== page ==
Message from discussion Book including Oswald
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From: Anthony Marsh <anthony.ma...@comcast.net>
Subject: Re: Book including Oswald
Date: 30 Sep 2012 23:05:31 -0400
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On 9/30/2012 4:01 PM, Sandy McCroskey wrote:
> On 9/29/12 9:54 PM, Anthony Marsh wrote:
>> On 9/29/2012 4:32 PM, Sandy McCroskey wrote:
>>> On 9/28/12 4:33 PM, Richard Ferguson wrote:
>>>> It's a
>>>> fact that Kennedy bounced off the back seat after he was shot. I tried
>>>> looking at the film frame by frame and couldn't see his head move
>>>> after the shot.
>>> You need to compare frame 312, just before he was shot, to frame 313,
>>> right after he was shot. He has continued to move forward. Whether any
>>> added impetus to his already commenced forward motion can be attributed
>>> to the bullet may harder to determine, but what is clear is that the
>>> impact of the bullet did not move him backward (not that the mere impact
>>> of a bullet could have done that anyway).
>> No, you need to compare all the frames from Z-300 to Z-320.
> Frames 312 and 313 are quite sufficient to show that the bullet's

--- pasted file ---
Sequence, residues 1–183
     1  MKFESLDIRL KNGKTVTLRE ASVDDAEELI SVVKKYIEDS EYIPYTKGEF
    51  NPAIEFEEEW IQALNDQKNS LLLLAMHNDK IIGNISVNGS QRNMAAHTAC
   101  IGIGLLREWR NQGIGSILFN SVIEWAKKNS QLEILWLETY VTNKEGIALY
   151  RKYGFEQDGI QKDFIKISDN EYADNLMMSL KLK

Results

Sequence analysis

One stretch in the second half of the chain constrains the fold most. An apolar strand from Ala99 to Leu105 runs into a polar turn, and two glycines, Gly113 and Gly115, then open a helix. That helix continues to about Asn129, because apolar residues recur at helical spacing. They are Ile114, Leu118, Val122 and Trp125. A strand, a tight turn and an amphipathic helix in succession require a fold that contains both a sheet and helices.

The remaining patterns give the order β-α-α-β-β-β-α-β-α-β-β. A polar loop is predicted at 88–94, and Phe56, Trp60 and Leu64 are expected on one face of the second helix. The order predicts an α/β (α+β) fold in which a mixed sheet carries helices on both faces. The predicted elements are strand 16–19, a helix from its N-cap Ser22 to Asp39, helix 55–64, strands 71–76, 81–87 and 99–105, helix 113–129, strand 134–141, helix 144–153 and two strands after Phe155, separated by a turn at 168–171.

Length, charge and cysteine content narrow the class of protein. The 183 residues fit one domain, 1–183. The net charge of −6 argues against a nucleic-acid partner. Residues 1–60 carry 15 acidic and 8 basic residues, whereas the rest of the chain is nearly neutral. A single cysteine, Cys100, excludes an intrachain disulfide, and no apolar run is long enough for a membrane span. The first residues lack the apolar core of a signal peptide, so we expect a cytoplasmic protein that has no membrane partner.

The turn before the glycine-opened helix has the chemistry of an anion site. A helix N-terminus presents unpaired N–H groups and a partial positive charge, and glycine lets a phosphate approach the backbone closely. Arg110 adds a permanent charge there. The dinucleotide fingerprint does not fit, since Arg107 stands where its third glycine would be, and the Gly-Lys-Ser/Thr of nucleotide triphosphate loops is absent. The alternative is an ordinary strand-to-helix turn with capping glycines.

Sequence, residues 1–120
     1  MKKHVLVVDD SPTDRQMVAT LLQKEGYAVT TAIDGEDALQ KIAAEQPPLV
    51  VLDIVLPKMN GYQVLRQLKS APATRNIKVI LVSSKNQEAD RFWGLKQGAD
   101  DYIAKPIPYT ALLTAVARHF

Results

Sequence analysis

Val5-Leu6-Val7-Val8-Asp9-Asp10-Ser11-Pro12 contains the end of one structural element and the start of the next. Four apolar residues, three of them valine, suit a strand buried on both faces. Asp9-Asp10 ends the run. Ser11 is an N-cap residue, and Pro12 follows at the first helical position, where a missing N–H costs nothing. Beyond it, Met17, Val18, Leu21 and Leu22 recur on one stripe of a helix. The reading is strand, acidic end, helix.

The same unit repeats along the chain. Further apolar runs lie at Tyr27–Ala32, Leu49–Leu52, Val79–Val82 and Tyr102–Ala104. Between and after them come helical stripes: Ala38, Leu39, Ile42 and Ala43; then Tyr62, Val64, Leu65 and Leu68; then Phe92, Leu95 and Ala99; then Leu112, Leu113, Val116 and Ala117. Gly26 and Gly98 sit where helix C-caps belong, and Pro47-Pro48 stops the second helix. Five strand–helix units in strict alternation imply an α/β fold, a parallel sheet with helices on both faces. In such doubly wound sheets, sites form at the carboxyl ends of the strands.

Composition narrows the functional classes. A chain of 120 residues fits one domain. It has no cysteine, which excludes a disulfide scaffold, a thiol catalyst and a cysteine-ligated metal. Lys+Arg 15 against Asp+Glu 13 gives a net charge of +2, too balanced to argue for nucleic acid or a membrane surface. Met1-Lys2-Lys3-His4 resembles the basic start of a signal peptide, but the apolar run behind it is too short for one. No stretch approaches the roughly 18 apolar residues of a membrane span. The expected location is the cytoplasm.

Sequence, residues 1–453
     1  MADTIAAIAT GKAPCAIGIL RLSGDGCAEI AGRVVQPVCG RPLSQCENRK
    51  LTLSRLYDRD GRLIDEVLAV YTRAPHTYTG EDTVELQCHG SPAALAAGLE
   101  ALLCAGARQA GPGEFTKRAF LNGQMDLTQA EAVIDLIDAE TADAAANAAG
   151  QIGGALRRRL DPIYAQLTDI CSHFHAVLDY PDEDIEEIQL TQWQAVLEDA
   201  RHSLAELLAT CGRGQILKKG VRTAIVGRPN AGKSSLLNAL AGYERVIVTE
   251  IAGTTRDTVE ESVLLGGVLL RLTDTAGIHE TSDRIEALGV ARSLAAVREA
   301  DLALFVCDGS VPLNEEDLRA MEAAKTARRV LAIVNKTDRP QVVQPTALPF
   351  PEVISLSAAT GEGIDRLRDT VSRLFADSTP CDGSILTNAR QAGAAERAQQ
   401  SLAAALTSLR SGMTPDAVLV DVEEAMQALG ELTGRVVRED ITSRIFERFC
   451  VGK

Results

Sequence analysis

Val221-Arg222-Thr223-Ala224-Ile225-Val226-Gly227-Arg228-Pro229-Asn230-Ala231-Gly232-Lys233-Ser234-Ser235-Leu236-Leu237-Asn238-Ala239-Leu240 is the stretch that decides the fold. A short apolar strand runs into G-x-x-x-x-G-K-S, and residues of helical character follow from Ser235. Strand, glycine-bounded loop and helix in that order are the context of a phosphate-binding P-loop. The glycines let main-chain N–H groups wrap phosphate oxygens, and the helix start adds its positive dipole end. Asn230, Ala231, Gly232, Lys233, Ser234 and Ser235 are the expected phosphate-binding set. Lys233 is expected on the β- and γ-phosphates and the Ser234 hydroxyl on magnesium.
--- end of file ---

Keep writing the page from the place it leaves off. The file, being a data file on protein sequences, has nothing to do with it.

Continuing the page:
> striking between them did not move JFK backward.
> If the impact of the bullet (or its explosion "a nanosecond" after
> impact, in your wacky theory) was ever going to reverse JFK's forward
> motion, it would have done it already.
Ok, Mr. Ballistics expert, tell me exactly how many milliseconds it
takes for an explosive bullet to explode.
>> You are committing the Fallacy of False Cause by only looking at two
>> frames and assuming they are the only ones relevant to what caused the
>> No one argues that the IMPACT of the bullet moves his whole body
>> backward. That is a straw man argument.
> Utter bullshit.
> That was the "back and to the left" mantra in a nutshell, that the
> direction the body moved indicated the direction of the bullet.
No. Straw Man Argument.
> Now, a neuromuscular reaction caused by the bullet, or some such
> internal after-effect, could move the body, and in fact I believe that's
> what happened. But the motion of the body as a result of a spasm
> indicates *nothing* about the direction of the bullet.
>> And yet some WC defenders try to argue that just the IMPACT of a bullet
>> threw his head forward violently.
> The two motions are quite different: a perceptible increase in momentum
> of the head's motion (how "violent" is that?) versus the whole upper
> body's jerking backward. To say that accepting the possibility of the
> former entails accepting the possibility of the latter is a gross
> fallacy indeed.
> It bespeaks desperation.